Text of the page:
Tuesday, May 21, 2013
A curious thing happened when I was still new to the world of oceanic plastics. In November 2010 I got an e-mail from a man in Wales, Rik Bennett. He had found this stamped plastic tag on his beach:
Searching the Internet, he found my “Flotsam Diaries” site, where I showed pictures of the same kind of tag. He had found a Maine lobster trap tag, washed up some 3,000 miles and an entire ocean away!
I was amazed. It seemed incredible that such a tiny object could traverse such a huge world. One in a million.
Then in 2011, I got another note and picture, from Andy Goodall at Newquay, Cornwall, UK:
He too had found a North American lobster trap tag on his beach. This time from Newfoundland.
Two in a million?
In late 2011, Rosemary Hill from County Kerry, Ireland found a trap escape vent from an American lobster trap washed up on her shore:
Then there’s the Newfoundland tag found by the group "Don't Inflate to Celebrate" in Dorset, UK in September 2012:
And the trap name tag from Dorset found by Steve Trewhella in December 2012:
It was becoming clear that this wasn’t actually rare. That the buoyant plastic that we’re generating – and losing – on this side of the Atlantic is making the 3,000-mile journey to foul distant shores a lot more often than we think.
Then just a week ago a friend pointed me to a story of one woman in Cornwall, UK, a collector of North American debris. She hasn’t collected 1, or 5, or a dozen lobster trap tags. She’s got hundreds:
(Full-sized image here)
Add to that collection trap vents, buoys, and other floatable debris, she has a 20-year collection into the thousands now of North American plastic fishing gear.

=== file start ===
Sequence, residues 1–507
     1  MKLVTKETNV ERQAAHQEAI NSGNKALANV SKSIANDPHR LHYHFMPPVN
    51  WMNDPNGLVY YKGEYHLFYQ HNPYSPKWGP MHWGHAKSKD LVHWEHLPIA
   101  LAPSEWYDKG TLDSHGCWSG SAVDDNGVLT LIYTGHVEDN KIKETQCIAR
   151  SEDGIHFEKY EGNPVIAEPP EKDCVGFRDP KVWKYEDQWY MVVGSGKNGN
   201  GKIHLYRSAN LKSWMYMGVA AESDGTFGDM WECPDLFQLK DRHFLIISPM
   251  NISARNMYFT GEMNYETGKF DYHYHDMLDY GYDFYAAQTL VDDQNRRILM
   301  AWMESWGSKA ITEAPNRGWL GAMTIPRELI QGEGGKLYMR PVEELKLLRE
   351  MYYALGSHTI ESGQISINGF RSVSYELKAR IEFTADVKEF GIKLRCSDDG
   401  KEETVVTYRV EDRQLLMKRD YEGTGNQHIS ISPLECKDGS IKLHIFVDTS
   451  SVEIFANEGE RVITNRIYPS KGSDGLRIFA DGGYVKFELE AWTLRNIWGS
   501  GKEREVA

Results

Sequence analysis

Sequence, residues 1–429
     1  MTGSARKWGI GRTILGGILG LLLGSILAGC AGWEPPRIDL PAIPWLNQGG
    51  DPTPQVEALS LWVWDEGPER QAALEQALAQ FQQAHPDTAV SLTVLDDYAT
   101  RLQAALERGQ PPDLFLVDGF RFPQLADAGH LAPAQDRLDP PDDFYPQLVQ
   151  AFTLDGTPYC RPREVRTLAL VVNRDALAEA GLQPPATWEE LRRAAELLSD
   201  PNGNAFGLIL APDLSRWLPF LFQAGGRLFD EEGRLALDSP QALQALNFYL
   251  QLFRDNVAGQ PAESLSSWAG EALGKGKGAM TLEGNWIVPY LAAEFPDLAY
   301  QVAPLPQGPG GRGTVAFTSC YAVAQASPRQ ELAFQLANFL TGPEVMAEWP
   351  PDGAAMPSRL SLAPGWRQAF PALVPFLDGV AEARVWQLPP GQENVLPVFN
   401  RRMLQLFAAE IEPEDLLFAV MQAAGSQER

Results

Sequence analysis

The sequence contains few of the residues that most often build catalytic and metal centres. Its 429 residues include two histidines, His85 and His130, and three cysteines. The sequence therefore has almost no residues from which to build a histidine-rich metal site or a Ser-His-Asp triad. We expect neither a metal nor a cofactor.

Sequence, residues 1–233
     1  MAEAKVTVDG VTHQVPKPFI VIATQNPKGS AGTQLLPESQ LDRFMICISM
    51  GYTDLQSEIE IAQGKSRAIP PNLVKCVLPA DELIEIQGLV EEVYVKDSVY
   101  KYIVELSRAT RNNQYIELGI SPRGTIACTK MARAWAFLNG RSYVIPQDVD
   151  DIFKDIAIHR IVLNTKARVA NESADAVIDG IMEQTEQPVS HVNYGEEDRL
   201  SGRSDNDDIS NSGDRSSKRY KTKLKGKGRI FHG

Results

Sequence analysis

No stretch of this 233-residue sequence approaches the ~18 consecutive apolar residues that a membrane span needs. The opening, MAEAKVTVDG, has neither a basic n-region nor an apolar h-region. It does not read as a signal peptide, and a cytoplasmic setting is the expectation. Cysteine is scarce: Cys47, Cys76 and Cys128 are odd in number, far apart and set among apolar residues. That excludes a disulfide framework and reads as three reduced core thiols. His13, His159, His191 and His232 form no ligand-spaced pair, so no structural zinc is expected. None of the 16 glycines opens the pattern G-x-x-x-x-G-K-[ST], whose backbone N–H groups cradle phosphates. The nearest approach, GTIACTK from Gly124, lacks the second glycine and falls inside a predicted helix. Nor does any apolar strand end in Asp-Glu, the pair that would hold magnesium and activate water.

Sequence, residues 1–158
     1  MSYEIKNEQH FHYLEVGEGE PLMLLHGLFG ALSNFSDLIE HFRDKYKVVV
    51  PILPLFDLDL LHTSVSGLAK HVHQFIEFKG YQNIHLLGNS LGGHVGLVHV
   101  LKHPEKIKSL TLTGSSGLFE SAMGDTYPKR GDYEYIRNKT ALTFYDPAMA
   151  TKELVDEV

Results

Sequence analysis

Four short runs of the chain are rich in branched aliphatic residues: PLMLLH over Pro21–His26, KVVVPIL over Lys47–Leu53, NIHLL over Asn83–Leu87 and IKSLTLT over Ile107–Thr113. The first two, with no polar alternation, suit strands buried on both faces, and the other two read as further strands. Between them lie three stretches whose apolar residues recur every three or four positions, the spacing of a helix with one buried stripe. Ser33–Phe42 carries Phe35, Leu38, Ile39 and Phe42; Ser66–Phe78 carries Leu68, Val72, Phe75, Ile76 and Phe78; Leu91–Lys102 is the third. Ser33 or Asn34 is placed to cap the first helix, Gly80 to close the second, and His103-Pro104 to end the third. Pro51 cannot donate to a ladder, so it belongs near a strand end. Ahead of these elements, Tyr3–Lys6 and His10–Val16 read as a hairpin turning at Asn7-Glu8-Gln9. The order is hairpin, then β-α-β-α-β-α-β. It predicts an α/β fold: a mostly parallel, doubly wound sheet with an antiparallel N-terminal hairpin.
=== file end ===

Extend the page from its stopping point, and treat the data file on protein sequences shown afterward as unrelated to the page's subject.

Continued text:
One woman, one beach, 3000 miles from us. How many similar stories just haven't been told yet?
Combined, the US and Canadian lobster industries lose tens of thousands of plastic-laden lobster traps into the Gulf of Maine each year. That’s a -lot- of plastic debris being unleashed into the environment, each year. And that’s only from one industry. Never mind the countless tons of other consumer and industrial plastics that work their way from our hands into our waters.
As the stories and photos above show, what happens in the Gulf of Maine doesn’t stay in the Gulf of Maine. Not by a long shot.Tweet
Visiting a Maine beach in March 2010, Harold Johnson was shocked by the ocean-borne debris left by recent storms. He grabbed a garbage bag and a camera, and hasn’t looked back.
Since then he has spent most of his free time studying marine pollution, coastal ecosystems, and the mysteries and science of ocean and shore.
Copyeditor and writer by trade, historian and archaeologist at heart, Johnson’s philosophy is simple: Dig below the surface, travel the currents, make the connections, learn. Then share what you learn. He lives in Saco with his wife and young daughter. Follow on Twitter @FlotsamDiaries.